Homepage
Crypto
Index
Glossary
Enigma
Hagelin
Fialka
Nema
AT&T
Datotek
Gretag
HELL
ITT
Motorola
Mils
OMI
Philips
Racal
Siemens
STK
Tadiran
Telsy
Teltron
Transvertex
TST
USA
USSR
UK
Yugoslavia
Voice
Hand
OTP
EMU
Mixers
Phones
FILL
Codebooks
Algorithms
Spy radio
Burst encoders
Intercept
Covert
Radio
PC
Telex
People
Agencies
Manufacturers
• • • Donate • • •
Kits
Shop
News
Events
Wanted
Contact
About
Links
   Logo (click for homepage)
Nokia PARSA   Partiosanomalaite
Electronic Message Unit

The Partiosanomalaite (PARSA) is a secure portable military Electronic Messaging Unit (EMU) 1 for use with telephone and radio equipment, developed by Nokia (Finland). It allows digital messages to be coded and decoded with the DES encryption algorithm, and sent via Audio Frequency Shift Keying (AFSK), over standard voice channels. The same device was also sold by Philips Usfa (NL) as the UA-8296 and by MEL (UK) as the BA-1403 albeit with a different cryptographic algorithm.

The PARSA is the smaller 'brother' of the Nokia Sanomalaite (SANLA) M/90 originally released in 1983. Together with the Keskussanomalaite (KESANLA) these units are part of an integrated reconnaissance and command messaging system (Sanomalaitejärestelmä), that is in use by all branches of the Finnish Defence Forces.

The image on the right shows a typical PARSA unit, but it should be noted that there have been many minor manufacturing differences over the years, especially with respect to the keyboard.
  

This particular unit has circular keys that are part of a rubber key pad. It has 33 buttons that hold the letters of the alphabet and some special functions. Some keys, e.g. on the upper row, have double or even tripple functions. The button at the bottom left is used to turn the unit ON.

The PARSA has an alphanumeric red LED display with a single row of 16 characters and weights approx. 1 kg. It is powered by 6 AA-size batteries or by an external 10-30 V DC source, usually supplied by the radio. It interfaces with voice-grade 150 to 600 baud equipment and is suitable for HF, VHF and UHF radio circuits. It and has a 200 character transmit (TX) memory and a 2000 character receive (RX) memory that can hold up to 8 messages. The terminal is fully shock- and water-proof [1].

Messages are encrypted with the embedded DES algorithm (implemented in software), which was thought to be sufficiently secure at the time. The secret encryption key can be entered directly on the keyboard. Capture of a terminal cannot jeopardise the security of a current software key in use by other terminals, nor can it compromise security of the system at a future date.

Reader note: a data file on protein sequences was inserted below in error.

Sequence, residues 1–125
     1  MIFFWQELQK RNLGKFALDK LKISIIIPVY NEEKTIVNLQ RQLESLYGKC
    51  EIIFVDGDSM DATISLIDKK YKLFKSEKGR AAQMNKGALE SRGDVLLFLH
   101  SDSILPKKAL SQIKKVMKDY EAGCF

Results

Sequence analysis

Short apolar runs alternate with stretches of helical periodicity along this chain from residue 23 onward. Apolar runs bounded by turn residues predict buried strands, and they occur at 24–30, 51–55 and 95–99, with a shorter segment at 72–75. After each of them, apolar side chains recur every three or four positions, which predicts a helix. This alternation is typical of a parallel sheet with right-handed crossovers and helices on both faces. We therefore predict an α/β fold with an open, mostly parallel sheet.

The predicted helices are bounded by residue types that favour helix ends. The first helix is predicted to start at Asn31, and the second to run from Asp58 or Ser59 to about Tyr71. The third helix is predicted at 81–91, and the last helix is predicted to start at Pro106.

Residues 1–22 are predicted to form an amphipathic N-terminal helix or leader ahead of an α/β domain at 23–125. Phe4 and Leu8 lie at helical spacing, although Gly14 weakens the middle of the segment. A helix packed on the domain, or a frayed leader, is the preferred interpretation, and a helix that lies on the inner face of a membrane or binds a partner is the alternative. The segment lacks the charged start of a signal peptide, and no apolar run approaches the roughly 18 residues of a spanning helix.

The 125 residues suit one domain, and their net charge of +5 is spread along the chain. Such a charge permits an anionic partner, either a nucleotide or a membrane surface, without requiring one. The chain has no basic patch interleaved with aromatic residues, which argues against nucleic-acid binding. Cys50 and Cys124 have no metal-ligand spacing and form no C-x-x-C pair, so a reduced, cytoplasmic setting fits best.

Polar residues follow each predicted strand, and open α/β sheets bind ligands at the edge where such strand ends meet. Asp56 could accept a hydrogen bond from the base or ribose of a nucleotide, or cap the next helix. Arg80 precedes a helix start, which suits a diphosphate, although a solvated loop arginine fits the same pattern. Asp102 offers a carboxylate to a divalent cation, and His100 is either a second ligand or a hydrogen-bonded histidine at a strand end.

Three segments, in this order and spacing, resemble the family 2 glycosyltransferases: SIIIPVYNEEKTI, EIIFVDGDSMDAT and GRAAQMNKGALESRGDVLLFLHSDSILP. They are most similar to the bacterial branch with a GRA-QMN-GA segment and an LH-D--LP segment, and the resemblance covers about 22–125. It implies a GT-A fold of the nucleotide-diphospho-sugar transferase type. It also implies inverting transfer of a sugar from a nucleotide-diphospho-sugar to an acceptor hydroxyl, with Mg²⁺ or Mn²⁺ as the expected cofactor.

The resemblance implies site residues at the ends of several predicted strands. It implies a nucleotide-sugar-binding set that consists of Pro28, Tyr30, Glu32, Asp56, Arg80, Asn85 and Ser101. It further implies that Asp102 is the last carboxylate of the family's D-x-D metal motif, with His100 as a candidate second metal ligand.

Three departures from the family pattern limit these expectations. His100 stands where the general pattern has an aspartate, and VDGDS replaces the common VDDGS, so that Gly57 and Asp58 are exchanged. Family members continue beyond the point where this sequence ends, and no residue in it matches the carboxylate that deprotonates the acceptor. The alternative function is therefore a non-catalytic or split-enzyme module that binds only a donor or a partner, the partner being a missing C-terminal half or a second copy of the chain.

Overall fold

1. As the PARSA sends its messages as a short data burst, the device can also be classed as a Burst Encoder.


 
Philips UA-8296
The Nokia Parsa was also sold as a re-batched device by Philips Usfa in The Netherlands as the UA-8296, in which case the DES encryption algorithm was replaced by a proprietary one. The UA-8296 was sold alongside the much larger UA-8295, which was based on the Nokia SANLA.

The image on the right shows the front cover of the Philips brochure for the UA-8295 and the UA-8296, as it was released in 1984. The front page of the brochure carries the title 'Short Burst Terminals', (i.e. Burst Encoder) [2].

According to the brochure, the unit is intended for short burst messages, in order to minimize the chance of interception and radio direction finding. It also states that it uses encryption for secure communication, but nothing is said about the cryptographic strength of the unit.

The UA-8295 and the UA-8296 are also featured as Philips devices in the 1986 editions of Jane's Military Communication catalogue [1], but Philips never actually built any burst encoders.

 More equipment from Philips
  
Brochure of the Philips UA-8295 and UA-8296. Click here to download.

 
MEL BA-1403
The Nokia Parsa was also sold by MEL in the UK, which was in fact a rebatched Philips UA-8296 (see above). The unit is mechanically and electronically identical to the Nokia Parsa, but like with the Philips UA-8296, the DES encryption algorithm is replaced by a proprietary one.

 More equipment from MEL
 
Help required
At present, no further information about this unit is available. If you know more about the use of this unit, or if you have a user manual, please contact us.
 
References
  1. Jane's Military Communication 1986
    Netherlands, Philips Usfa BV, UA 8296 Hand-held Patrol Terminal. p. 445.
    ISBN: 0-7106-0824-1

  2. Philips Usfa BV, UA 8295 and UA 8296 Short Burst Terminals
    8-page full-colour brochure. Document No. 20.0058/E/0984, 1984.

Further information

Any links shown in red are currently unavailable. If you like the information on this website, why not make a donation?
Crypto Museum. Created: Thursday 15 October 2009. Last changed: Friday, 20 May 2016 - 08:03 CET.
Click for homepage